RE: A Word on Our State GOP
….Well, a few words, actually. Justin is correct and, save taking the “Dan Yorke Nuclear Option“, the state GOP better start navel-gazing ASAP. Much of what follows I wrote about four years ago and it still seems to apply.
Rhode Islanders seem to recognize that something is wrong with their state government, but they continue to enable the Democratic party and its leaders who perpetuate the problem by re-electing their own particular Democrat to the legislature. (Yes, Montalbano has been acutely rejected, but insert same-ol’ Democratic leader “here”). As it has been observed before, most Rhode Islanders simply think “my guy is OK” and it’s the “other guys” who are the bad actors. Changing that attitude is the job that the RI GOP needs to undertake before it will ever make meaningful political progress in this state. It hasn’t done a good job.
As Justin suggests, trying to determine what it means to be a Rhode Island Republican is a worthwhile exercise. But unless the RI GOP can find attractive candidates to espouse these viable alternatives, the policy prescriptions concocted by us armchair philosophers and policy-wonks will be all for naught. Finding a coherent RIGOP philosophy is but one part of the problem. And it’s the easy part. The RIGOP must realize that a party built for longevity is built from the bottom up, not the top down. The tough part will be finding and funding the right folks to run against the Democrat monopoly across the entire political spectrum.
It’s been my impression that Rhode Island Republicans are too enamored with running for the big-name positions–Governor, U.S. Congress, Mayor–and not so much into vying for the local political billets like Town Council, School Committee, or State Legislature. In other words, if RI politics were a buffet table, too many GOP candidates pass right over the meat and potatoes and head for the filet mignon. The problem is, there are many more meat-and-potatoes entrées, and they are cheaper and easier to get! Both Alan Fung and Scott Avedesian worked their way up to Mayor. Their model should be studied.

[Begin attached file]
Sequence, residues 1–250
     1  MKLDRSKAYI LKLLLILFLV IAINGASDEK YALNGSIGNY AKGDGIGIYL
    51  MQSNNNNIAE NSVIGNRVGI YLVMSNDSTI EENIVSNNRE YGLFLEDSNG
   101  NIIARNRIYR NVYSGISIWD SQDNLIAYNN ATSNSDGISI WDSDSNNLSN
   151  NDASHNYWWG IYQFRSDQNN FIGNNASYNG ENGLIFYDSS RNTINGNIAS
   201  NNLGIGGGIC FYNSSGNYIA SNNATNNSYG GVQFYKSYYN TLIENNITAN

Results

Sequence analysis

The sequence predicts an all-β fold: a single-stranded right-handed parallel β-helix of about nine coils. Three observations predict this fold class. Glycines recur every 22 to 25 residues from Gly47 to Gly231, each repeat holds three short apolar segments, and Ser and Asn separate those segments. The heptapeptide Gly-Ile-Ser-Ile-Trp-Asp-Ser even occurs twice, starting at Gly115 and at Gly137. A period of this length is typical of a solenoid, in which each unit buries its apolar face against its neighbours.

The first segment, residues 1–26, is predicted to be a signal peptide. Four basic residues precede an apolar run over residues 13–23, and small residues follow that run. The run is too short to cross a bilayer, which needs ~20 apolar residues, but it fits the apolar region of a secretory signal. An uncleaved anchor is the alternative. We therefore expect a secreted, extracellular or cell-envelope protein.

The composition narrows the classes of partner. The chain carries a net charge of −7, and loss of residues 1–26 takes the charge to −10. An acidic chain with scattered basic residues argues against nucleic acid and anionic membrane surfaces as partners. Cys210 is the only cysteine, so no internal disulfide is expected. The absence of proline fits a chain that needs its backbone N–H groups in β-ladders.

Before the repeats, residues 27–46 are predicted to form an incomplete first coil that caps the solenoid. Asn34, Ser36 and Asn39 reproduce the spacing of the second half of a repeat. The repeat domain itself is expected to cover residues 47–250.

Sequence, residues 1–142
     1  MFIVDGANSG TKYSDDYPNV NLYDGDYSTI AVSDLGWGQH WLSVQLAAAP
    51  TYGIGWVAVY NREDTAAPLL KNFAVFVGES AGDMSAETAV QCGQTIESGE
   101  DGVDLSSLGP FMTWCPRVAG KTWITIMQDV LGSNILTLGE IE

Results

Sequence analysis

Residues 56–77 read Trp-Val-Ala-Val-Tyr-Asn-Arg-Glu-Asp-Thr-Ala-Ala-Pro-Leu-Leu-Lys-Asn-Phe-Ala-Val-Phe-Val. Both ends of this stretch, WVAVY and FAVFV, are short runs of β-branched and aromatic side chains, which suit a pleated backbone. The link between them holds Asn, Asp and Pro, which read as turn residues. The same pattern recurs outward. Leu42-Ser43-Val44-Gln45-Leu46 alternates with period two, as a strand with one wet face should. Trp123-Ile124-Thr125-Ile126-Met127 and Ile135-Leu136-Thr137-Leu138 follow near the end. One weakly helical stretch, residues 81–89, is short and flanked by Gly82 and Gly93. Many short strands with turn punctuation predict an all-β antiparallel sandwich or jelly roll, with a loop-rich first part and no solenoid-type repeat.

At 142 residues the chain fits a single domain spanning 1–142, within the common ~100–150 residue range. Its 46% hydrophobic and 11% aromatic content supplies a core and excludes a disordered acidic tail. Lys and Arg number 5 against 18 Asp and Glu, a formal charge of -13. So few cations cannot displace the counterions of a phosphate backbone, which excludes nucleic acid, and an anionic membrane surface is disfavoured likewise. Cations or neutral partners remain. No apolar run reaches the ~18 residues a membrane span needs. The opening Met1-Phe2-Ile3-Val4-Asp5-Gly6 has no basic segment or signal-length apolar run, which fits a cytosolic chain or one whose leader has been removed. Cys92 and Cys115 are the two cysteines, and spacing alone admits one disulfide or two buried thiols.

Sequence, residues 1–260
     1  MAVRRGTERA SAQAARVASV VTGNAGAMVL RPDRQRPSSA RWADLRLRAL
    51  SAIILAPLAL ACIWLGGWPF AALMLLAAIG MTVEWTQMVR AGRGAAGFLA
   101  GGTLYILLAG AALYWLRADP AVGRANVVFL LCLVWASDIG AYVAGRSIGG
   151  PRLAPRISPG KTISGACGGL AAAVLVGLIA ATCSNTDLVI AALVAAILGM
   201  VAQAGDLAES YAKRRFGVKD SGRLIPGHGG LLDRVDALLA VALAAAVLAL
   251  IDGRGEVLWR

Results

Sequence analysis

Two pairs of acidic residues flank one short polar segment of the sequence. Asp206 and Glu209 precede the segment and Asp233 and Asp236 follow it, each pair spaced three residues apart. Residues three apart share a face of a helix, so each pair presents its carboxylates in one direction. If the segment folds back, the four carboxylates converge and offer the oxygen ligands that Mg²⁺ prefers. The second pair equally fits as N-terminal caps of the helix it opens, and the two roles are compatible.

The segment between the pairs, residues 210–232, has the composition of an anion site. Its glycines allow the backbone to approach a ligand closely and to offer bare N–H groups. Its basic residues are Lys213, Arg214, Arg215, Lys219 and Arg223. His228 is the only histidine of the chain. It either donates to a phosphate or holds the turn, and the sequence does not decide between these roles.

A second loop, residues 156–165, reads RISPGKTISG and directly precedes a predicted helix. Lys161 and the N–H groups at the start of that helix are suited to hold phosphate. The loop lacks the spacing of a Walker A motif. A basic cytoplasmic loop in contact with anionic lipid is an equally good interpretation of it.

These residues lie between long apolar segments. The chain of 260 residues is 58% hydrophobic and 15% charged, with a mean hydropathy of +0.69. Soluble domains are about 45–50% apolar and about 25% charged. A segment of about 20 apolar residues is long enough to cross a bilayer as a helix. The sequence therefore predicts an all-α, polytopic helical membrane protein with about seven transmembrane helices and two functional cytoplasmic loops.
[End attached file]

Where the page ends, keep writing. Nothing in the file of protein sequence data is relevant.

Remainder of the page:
Starting small acquaints a candidate with political and governmental processes. More importantly, it also acquaints them with the voters. Thus, it gives them something that most don’t have the money to buy: name recognition. Like it or not, it isn’t the ideas that first attract RI voters to particular candidates, it’s how well they know and like them. All politics may be local, but in Rhode Island, it’s also personal.
And since success in Rhode Island politics is heavily dependent upon personal connections, its at the grassroots where the work needs to be done. A candidate will get votes for being a “good guy” regardless of his political disposition. The RI GOP needs to identify their own “Jimmy who lives up the street” to run against the Democrat’s “Tommy who lives down the street.” And these candidates need to be both embedded in the fabric of their community and willing to risk personal relationships for the sake of political gain.